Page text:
Donald Trump speaks to the Veterans of Foreign Wars conference at a July 2016 campaign event in Charlotte. (Carlo Allegri/Reuters)

Donald Trump became a household name, in part, because of the entertainment world. Now he’s been rebuffed by it.

The list of musicians who have reportedly declined to perform at Trump’s inauguration is growing. Meryl Streep’s critical speech about Trump quickly became this year’s biggest Golden Globes moment. Moby responded to a request to DJ an inauguration event with an Instagram post that began, “Hahahahaha.”

But to hear the chairman of Trump’s inaugural committee tell it, Jan. 20 in Washington will have star-power because “we have the greatest celebrity in the world, which is the president-elect.”

“What we’ve done, instead of trying to surround him with what people consider A-listers, is we are going to surround him with the soft sensuality of the place,” inaugural committee chairman Tom Barrack told reporters Tuesday.

By “place,” one can assume he’s referring to the west front of the U.S. Capitol. And by “soft sensuality,” well, we really have no idea what he means by that (but I must admit I am slightly concerned).


Inauguration planners will surround Trump “with the soft sensuality of the place.” This place? (Saul Loeb/Agence France-Presse via Getty)

Barrack said the inauguration will be “amazing” and that planners are “trying to orient it toward the greatest tribute to America.” The day will have a “much more poetic cadence than having a circus-like celebration that’s a coronation. That’s the way this president-elect wanted it.”

Amid earlier reports that big-name musicians didn’t want to perform on his big day, Trump got defensive, claiming that “so-called” A-listers all want tickets but they did little to help Hillary Clinton, who had major backing from the celebrity world. Trump tweeted, “I want the people!”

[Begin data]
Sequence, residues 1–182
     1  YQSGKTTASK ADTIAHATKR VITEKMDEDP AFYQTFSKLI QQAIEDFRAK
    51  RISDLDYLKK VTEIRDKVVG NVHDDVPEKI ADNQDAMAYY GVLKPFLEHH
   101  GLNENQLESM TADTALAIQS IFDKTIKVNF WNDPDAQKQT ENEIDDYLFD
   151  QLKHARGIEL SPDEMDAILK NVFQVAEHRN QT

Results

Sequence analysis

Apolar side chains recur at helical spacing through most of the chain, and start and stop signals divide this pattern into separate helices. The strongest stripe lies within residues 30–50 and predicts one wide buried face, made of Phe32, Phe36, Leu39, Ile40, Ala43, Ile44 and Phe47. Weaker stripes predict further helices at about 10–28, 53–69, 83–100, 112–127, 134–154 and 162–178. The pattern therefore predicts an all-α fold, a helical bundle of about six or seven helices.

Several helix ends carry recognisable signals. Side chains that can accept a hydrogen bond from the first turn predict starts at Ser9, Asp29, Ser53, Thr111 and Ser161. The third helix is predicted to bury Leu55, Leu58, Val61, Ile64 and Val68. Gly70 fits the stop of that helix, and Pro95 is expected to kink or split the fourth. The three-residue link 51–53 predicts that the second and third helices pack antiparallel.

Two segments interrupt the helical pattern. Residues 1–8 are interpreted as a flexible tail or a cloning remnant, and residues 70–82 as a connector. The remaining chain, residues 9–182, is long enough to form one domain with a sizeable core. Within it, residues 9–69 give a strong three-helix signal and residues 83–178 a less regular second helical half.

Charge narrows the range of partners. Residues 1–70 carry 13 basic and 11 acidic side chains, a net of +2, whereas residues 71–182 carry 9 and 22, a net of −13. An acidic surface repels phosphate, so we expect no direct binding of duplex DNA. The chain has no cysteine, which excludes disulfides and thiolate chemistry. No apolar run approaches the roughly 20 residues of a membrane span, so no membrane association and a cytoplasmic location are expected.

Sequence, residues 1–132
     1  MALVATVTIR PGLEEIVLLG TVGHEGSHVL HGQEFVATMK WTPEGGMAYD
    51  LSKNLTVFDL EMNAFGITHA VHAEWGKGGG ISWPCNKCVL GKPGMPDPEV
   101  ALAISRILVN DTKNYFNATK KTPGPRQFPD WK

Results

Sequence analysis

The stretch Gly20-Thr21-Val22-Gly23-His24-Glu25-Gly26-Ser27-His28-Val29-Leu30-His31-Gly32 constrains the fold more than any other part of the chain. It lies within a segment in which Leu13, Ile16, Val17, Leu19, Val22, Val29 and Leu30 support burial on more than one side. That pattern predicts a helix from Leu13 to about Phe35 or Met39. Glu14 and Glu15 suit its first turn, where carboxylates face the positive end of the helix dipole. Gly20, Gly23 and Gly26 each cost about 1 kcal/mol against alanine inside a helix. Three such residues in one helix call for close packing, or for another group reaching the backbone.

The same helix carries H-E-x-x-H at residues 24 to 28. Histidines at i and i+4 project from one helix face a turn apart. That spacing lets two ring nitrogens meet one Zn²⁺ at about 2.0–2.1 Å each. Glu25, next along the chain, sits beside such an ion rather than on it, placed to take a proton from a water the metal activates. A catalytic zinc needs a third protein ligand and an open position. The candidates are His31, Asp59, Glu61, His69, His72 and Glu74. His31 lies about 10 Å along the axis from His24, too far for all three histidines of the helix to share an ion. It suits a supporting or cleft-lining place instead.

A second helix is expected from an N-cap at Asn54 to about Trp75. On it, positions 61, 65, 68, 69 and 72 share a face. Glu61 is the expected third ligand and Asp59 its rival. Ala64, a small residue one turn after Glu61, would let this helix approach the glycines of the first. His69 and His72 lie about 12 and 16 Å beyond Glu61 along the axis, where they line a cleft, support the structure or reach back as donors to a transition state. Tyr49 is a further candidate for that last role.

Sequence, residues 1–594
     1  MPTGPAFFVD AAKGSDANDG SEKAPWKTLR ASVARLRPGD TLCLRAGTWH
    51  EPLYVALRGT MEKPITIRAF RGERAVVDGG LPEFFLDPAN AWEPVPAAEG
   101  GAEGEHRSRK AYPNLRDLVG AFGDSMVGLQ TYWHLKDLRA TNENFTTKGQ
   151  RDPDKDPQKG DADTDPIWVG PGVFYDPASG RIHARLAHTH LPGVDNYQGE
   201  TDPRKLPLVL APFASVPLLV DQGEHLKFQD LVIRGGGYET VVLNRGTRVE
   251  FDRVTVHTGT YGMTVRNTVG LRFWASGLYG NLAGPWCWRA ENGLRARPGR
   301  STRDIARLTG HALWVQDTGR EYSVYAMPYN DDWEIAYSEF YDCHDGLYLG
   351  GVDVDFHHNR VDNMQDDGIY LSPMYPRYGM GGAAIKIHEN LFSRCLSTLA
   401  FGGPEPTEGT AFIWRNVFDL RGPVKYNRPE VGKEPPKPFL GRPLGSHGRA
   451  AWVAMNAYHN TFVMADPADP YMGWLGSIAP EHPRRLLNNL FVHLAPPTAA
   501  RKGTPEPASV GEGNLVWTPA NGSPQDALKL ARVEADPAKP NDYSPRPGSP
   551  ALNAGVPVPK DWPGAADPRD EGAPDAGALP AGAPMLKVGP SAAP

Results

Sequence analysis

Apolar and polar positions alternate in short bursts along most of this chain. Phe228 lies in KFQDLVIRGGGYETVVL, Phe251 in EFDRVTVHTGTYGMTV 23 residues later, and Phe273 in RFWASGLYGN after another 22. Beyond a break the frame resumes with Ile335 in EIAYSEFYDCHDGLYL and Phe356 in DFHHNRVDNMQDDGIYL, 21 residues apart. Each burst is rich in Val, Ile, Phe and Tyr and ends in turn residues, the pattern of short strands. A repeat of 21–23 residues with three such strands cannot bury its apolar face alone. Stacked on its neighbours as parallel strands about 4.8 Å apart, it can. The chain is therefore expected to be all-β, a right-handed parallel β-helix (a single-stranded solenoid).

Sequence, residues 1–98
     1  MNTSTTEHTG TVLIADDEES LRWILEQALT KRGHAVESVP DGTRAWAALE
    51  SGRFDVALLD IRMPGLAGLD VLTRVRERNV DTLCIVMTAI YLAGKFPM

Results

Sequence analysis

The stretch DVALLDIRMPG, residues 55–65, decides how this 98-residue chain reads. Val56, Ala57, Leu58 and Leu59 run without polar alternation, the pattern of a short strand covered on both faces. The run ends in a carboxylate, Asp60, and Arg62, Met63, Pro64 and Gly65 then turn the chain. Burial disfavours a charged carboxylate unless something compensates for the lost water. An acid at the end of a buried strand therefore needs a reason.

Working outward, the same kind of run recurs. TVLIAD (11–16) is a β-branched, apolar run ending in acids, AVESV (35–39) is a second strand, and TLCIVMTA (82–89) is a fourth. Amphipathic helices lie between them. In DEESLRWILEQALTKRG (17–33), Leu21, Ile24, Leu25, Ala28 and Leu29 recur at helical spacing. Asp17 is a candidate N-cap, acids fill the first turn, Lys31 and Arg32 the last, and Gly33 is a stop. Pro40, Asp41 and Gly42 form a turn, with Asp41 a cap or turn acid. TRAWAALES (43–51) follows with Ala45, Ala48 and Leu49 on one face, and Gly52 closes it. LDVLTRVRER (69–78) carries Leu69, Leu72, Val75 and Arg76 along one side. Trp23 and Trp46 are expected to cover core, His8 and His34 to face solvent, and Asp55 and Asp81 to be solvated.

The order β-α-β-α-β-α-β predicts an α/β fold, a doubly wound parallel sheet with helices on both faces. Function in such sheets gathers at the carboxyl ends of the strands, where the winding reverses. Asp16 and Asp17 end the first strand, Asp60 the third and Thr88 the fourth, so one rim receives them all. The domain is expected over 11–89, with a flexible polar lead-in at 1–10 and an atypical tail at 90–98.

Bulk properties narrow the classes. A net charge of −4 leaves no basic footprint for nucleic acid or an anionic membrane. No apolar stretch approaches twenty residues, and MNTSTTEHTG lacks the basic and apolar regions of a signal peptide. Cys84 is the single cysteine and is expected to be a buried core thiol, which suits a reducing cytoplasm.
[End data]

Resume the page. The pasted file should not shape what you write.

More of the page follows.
But he also later claimed that singer Jackie Evancho, who will sing the national anthem at his inauguration, received an album sales “Trump bump.” (That may not exactly be true.)

This dynamic is becoming the norm for Trump’s relationship with the world of pop culture. When he’s rebuked, he says he doesn’t need such approval and criticizes right back. But when his presence coincides with a boost in, say, TV ratings, he uses it as evidence of his relevance.

The recent reboot NBC’s “Celebrity Apprentice” with new host Arnold Schwarzenegger drew fewer viewers than when the host was Trump — who referred to himself as a “ratings machine” as he pointed out the difference.

When candidate Trump hosted “Saturday Night Live,” he boasted that tickets “are the hardest to get in the history of this great show!”

A year later, President-elect Trump called SNL — and its scathing impersonation of him — “one-sided, biased,” and, “who knows long that show is going to be on? It’s a terrible show.”

In 2015, the Hollywood Reporter asked Trump about any actresses he loved, and he mentioned Streep as “excellent” and “a fine person, too.”

In 2017, Streep’s critical speech of Trump at the Golden Globes spurred the president-elect to call her “one of the most over-rated actresses in Hollywood.” He also predicted a record turnout for his inauguration.

“There will be plenty of movie and entertainment stars,” Trump told the New York Times on Monday. “All the dress shops are sold out in Washington. It’s hard to find a great dress for this inauguration.”

The Post’s Reliable Source found there are actually plenty of gowns available in Washington for inauguration. And the next day, his inauguration committee chairman seemed to signal big stars wouldn’t be around.

“The focus for this president, since he is a celebrity, is really on the place, on the people,” Barrack said.

Read more:

The Golden Globes showcases Hollywood’s utter disdain of Donald Trump

A guide to all the ways Trump’s transition is like a reality show